- Inside Llewyn Davis
- The Grandmaster
- American Hustle
- All is lost
- To the wonder
- The act of killing
- Spring breakers
- Only God forgives
- Charlie Countryman
- The punk singer
- Don Jon
- The spectacular now
- In a world…
- Ain’t them bodies saints
- Short term 12
- I declare war
- Fruitvale Station
- John dies at the end
That is a lot of movies. What kind of an asshole would I be to make a top ten list when my movie-watching year has so many holes in it? I would not be a good kind of an asshole, I’ll tell you that.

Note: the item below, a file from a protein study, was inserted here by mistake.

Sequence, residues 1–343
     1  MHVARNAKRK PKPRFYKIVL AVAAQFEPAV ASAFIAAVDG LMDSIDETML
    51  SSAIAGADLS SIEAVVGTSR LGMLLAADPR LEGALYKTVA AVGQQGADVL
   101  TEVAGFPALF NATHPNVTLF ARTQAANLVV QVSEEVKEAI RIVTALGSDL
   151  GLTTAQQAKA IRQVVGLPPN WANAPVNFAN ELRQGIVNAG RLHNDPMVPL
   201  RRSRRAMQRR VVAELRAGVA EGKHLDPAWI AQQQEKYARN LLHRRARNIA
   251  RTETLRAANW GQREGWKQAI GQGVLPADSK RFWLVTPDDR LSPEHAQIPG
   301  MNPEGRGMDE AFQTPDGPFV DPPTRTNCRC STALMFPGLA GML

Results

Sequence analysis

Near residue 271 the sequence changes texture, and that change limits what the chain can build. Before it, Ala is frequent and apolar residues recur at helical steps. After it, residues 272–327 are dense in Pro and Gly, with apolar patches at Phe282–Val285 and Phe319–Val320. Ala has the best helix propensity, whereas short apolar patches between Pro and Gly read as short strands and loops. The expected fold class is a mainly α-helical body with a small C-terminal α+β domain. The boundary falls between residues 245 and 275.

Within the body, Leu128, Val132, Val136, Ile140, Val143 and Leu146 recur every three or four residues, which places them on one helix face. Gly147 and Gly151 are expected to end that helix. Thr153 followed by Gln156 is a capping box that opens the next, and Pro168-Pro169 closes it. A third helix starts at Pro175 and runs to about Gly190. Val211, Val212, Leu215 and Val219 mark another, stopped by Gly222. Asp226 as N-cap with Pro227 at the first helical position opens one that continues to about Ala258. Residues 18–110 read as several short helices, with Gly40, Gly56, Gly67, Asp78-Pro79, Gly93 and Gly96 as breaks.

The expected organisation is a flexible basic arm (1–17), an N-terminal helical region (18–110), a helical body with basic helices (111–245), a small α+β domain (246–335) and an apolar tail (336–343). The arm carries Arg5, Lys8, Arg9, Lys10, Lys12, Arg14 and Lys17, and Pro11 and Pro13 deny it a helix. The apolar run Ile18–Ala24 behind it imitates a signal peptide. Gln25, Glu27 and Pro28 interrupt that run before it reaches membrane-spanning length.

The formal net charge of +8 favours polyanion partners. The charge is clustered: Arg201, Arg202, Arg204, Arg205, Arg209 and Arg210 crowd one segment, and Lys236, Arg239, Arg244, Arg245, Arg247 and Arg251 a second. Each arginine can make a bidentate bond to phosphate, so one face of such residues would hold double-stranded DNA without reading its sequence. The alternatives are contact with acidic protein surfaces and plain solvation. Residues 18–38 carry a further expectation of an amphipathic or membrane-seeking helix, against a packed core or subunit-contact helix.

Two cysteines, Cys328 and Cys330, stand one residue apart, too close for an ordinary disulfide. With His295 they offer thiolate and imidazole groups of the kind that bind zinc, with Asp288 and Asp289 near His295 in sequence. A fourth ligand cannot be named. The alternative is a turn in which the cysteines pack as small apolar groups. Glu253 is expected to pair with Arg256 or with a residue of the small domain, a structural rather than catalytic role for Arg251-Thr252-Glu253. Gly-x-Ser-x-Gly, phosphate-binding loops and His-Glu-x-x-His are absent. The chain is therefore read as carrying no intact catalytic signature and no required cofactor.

Anyways, I did see some movies this year, and I did love some unabashedly. I’ll share five of those titles with you. This is not a top movies of the year, clearly, just movies I really loved for one reason or another.
Gravity is maybe my favorite movie-going experience this year. It is riveting. Me and my friends walked out after the end credits and we were on clouds, talking about everything we loved about it. I don’t care that it doesn’t get all the science right, I care that it gets just enough right to make me believe in the whole thing. On a technical level it is perfect. The acting is flawless. The script is perfectly paced. Movie magic is alive and well and beats into the heart of this movie with every pulse.